– Consider all these
types of liabilities
• Allocate them
• Use definitions for
clarity and
economy of style
19
Site Cleanup Liabilities
 Who is responsible – Buyer or Seller?
 For what?
 Pre-closing legacy contamination only?
• Presumptions and baselines
 Only government ordered cleanup?
• Or anything required by laws?
 Voluntary cleanup?
 Cleanup of soil and groundwater only?
• Asbestos, lead paint, mold, demolition?
20
Site Cleanup Liabilities
 What kind of cleanup?
• Industrial/commercial versus residential?
• Risked-based permitted?
– Use of institutional controls permitted?
– How implemented and complied with?
– Deed restrictions?
 Who controls communications with government?
21
Third Party Claims
 Toxic tort claims
 Examples: site workers, future
occupants
 Property damage claims
 Example: offsite neighbors
 Natural resource damages
22
Site Redevelopment Costs
– Future owners may
incur added costs
beyond gov’t ordered
cleanup
• Excavation in connection
with development
• Disposal of
contaminated media
– Example of parking
garage
• Cost of studies and
hazmat contractors
23
Vapor Intrusion Liabilities
Vapor intrusion into site buildings?
• Investigation and testing
• HVAC control
• Engineered mitigation systems
– Installation and long term O&M
 Who pays? Who controls?
24
First Party Costs and Damages

First party costs and damages
– Site redevelopment costs
– Voluntary cleanup
– Diminution in value of property
acquired
– Other direct costs to buyer
 IMPORTANT: Many courts
interpret standard indemnities
to cover only third party claims,
not first party damages, costs
and losses
Draft accordingly
25
You can’t be a wizard……
But be careful when drafting environmental
indemnities
26
Cindy J. Karlson
Law Offices of Cindy J. Karlson
Phone: 860.614.0184
[email protected]
27
AGENDA
 Indemnities: Not One Size Fits All
 Specific Language And Other Options
 Complex Structures
 Synthesizing Indemnity Provisions With The
Agreement And Other Deal Documents
28
NOT ONE SIZE FITS ALL
 Do optics matter?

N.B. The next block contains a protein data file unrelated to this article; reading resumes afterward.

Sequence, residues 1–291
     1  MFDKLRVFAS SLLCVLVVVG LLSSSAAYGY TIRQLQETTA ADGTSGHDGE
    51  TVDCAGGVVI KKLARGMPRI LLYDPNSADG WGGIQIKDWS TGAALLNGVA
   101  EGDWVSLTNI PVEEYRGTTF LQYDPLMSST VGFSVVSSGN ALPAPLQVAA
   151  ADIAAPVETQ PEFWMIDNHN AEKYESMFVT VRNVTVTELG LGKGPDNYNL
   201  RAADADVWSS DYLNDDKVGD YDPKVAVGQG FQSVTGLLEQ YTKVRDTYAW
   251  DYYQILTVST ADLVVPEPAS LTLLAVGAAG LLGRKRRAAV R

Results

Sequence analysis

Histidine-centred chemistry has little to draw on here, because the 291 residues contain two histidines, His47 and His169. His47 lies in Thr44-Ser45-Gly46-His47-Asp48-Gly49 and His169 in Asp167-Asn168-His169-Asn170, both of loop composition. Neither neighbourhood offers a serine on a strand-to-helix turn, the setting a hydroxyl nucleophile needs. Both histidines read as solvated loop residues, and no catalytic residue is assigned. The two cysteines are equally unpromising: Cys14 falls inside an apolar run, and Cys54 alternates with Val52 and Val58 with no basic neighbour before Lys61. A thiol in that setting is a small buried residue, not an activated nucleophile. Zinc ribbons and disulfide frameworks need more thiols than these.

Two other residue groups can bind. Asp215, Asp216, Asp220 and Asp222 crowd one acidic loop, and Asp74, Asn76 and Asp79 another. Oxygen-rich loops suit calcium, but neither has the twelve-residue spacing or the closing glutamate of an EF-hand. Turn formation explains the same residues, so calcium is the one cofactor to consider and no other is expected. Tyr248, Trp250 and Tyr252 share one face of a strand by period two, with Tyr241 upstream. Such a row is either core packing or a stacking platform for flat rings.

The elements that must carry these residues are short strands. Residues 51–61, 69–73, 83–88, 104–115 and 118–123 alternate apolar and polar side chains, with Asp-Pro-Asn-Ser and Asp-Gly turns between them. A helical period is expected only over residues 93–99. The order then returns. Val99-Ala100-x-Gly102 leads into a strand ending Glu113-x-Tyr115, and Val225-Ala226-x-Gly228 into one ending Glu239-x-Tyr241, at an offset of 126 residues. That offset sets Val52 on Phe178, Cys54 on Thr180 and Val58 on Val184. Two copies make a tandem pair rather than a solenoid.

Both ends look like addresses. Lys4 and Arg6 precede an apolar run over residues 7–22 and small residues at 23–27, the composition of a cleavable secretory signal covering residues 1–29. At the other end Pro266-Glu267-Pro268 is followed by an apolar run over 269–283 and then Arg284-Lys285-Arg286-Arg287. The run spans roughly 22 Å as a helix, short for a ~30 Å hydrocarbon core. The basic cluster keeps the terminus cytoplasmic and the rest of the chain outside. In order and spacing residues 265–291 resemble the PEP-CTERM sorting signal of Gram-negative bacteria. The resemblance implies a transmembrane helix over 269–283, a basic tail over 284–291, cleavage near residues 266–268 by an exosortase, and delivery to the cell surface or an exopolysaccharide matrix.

 Sweet and simple
 Allocate based on knowledge of
existing conditions at closing
 Complex indemnity
provisions
 Carve out specific environmental
conditions
29
NOT ONE SIZE FITS ALL
Example:
Tenant will indemnify and hold Landlord harmless from
and against any and all liabilities, losses, damages, suits,
penalties, claims and demands of every kind, including
reasonable attorneys’ fees, arising out of or relating to
any environmental conditions on the property or the
operations conducted thereon.
30
NOT ONE SIZE FITS ALL
Tenant will indemnify and
hold Landlord harmless from
and against any and all
liabilities, losses, damages,
suits, penalties, claims and
demands of every kind,
including reasonable
attorneys’ fees, arising out of
or relating to any
environmental conditions on
the property or the
operations conducted
thereon.
Issue Spotting
Who can recover
monies (successors and
assigns)?
2. Define any terms?
3. Length of indemnity
period?
4. Which costs covered?
5. Which costs are NOT
covered?
1.
31
SPECIFIC LANGUAGE CHOICES
Deciding whether to set forth the indemnity scope in a
general or specific fashion
 Pros


Avoid potential costly litigation
Manage parties’ expectations
 Cons


Could incur additional transactional costs in negotiation
Could unknowingly exclude costs if provisions are too specific
32
SPECIFIC LANGUAGE CHOICES
 Definitions are critical!!!
 “Environmental Laws”
- Understand what is and is not included (agency guidance,
directives, orders?)
 “Hazardous Substances”
- Be careful if you only limit it to substances under CERCLA
- Petroleum and its by-products, PCBs, asbestos, lead paint,
urea formaldehyde (building materials), mold, microbial
matter